From the back of the third courtyard ramps lead down to a set of gardens and terraces. On the right-hand side stand the Sofa Mosque, built by Sultan Mahmud II for his corps of sword bearers and still in use today; and the Mecidiye Pavilion, a neoclassical structure built for Sultan Abdulmecid by one of the Balyan in c. 1840 that now houses the Konyali Restaurant (see below). Beyond it extends one of the best views in the city – straight out over the Golden Horn to the confluence of the Bosphorus and the Sea of Marmara, and thence across to Asia.
On the terrace to the left lies what was once the tulip garden where Sultan Ahmed III hosted the famous Tulip Era parties (see p.265); in the center is a 5th- century marble font that was once used as a piggy-bank for gold coins but now has a purely decorative function. The Head Physician’s Tower at the corner seems to have been one of a series of towers at the edge of the garden from which the sultans could watch games of cirit taking place beneath it; at the back is a 6th-century marble bishop’s throne reused as a seat for anyone who wanted to watch the game from closer quarters. Past the tower, the Sofa Pavilion was probably built so that the sultan could admire his flowers from indoors in poor weather.
At the end of the tulip garden steps lead up to one of the most delightful parts of the whole palace complex with a pair of wonderfully tiled kiosks standing on either side of a pool and with the Marble Terrace overlooking the Golden Horn stretching out between them. Centerpiece of this terrace is the charming iftar Canopy put here in 1640 during the reign of Sultan ibrahim I, known as “the Mad”; it was where the sultan would break the Ramadan fast at the end of each day while looking out over the stunning view. In general, though, the terrace was mainly used as a place for entertainment.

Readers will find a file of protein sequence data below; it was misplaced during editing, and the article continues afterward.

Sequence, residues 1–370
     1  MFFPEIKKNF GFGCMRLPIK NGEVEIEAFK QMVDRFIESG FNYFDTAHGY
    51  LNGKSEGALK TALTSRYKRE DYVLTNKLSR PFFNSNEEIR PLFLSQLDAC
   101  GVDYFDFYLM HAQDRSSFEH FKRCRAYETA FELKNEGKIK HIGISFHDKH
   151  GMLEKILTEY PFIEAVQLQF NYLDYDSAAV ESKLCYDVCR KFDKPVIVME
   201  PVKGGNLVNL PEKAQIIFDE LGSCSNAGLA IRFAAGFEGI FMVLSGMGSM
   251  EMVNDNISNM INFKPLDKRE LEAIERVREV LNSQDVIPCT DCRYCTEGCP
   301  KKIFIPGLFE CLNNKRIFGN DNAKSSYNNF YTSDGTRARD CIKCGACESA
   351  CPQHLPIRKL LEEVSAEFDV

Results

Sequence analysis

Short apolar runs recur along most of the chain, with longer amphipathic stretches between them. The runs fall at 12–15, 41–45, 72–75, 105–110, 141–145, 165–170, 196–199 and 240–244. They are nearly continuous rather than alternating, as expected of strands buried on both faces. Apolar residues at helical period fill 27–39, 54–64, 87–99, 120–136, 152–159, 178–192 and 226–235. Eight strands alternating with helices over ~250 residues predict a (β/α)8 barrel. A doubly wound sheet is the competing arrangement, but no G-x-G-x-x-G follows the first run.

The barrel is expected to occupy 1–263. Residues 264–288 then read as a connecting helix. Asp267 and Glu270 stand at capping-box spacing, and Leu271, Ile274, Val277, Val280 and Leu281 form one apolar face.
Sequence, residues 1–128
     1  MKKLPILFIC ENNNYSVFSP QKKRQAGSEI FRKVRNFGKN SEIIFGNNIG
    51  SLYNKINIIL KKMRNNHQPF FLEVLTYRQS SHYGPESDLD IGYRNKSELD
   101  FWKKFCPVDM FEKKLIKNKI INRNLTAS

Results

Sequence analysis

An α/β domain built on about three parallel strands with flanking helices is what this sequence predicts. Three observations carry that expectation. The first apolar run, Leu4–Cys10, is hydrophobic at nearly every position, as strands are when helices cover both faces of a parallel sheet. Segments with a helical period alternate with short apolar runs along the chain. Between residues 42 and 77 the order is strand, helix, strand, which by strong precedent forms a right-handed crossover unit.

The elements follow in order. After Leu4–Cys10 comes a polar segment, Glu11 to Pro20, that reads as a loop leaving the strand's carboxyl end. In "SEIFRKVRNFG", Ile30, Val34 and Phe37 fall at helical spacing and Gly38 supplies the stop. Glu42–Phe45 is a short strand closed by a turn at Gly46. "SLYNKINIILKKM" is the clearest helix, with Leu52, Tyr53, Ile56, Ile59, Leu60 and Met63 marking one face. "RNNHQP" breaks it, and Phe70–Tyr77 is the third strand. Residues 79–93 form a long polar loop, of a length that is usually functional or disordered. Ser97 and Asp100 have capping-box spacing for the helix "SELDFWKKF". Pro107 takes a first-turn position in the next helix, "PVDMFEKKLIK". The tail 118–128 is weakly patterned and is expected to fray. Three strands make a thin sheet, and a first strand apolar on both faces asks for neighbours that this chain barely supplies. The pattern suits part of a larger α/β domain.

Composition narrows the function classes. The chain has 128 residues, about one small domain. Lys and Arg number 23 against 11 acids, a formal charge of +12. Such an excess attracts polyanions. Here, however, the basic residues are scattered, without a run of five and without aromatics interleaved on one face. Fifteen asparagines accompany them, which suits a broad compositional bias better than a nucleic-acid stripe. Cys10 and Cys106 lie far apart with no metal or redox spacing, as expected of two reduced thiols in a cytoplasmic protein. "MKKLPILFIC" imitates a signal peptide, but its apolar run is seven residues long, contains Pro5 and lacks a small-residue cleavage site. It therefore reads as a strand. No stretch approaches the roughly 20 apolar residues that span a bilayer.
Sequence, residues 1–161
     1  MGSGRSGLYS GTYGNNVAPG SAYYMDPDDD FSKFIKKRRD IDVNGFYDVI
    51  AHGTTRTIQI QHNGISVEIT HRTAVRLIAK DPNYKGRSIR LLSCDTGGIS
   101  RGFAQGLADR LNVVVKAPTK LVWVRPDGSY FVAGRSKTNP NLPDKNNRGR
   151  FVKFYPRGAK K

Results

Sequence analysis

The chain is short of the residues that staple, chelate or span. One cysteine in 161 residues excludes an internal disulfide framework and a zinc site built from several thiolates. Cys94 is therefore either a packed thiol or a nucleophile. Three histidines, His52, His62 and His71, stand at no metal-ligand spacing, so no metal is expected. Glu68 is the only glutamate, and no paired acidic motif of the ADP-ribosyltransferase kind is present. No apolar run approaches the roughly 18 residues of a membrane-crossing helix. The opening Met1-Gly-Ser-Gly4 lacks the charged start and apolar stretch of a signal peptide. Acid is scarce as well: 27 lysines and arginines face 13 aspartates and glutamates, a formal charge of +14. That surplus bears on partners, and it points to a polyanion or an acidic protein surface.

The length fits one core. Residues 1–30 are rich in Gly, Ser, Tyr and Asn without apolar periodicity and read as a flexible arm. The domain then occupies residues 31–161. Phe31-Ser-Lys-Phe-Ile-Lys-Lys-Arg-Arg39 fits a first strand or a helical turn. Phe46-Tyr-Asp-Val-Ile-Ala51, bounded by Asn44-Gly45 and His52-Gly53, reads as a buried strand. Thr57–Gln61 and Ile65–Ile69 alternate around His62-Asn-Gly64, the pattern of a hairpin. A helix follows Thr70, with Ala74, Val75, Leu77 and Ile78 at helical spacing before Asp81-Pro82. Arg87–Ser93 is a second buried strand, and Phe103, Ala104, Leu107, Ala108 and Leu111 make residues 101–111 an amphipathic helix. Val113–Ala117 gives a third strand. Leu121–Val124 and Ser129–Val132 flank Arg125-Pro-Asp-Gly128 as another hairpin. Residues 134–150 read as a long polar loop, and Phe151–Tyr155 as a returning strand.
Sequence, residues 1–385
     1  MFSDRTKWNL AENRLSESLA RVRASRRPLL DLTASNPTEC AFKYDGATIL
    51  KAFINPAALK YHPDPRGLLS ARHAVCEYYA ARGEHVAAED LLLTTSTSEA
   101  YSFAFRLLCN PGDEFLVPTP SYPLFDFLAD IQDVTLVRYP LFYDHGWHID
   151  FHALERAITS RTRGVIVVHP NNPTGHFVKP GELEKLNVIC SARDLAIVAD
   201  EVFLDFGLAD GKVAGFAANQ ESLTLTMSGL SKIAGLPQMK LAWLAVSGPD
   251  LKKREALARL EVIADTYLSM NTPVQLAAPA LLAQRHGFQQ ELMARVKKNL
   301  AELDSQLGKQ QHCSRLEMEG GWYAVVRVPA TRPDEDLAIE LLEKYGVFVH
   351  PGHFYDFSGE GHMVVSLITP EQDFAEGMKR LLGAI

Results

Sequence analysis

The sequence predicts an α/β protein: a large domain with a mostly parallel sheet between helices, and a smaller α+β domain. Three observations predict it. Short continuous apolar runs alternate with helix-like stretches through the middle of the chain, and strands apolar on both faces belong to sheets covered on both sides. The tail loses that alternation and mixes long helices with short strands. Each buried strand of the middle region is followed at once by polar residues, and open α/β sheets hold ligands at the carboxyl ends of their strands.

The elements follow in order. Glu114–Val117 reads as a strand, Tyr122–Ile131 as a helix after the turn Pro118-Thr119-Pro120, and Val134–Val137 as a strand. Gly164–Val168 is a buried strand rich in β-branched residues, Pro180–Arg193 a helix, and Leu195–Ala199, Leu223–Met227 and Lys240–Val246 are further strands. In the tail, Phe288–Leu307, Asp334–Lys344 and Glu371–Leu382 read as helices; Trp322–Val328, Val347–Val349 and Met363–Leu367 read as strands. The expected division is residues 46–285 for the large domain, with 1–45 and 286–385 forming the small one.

Of the two kiosks, the one to the right is the domed and porticoes Baghdad Pavilion, built by Sultan Murad IV in 1639 to commemorate his capture of that city. Splendidly wallpapered with blue and white tiles, it boasts a magnificent fireplace with a bronze hood and served as a library for many years. Facing it on the opposite side of the terrace is the Circumcision Room, built in 1641 and also covered in tiles; some of those on the outside walls are especially notable. This is linked by a portico with yet more tiles to the Erivan Pavilion, built by Sultan Murad IV in 1636 to celebrate his capture of the Armenian capital. Ironically, by the time work on the Baghdad and Erivan Pavilions had been completed both cities had been lost to the Ottomans.
Mecidiye Pavilion (IMAGE)
Baghdad Pavilion (IMAGE)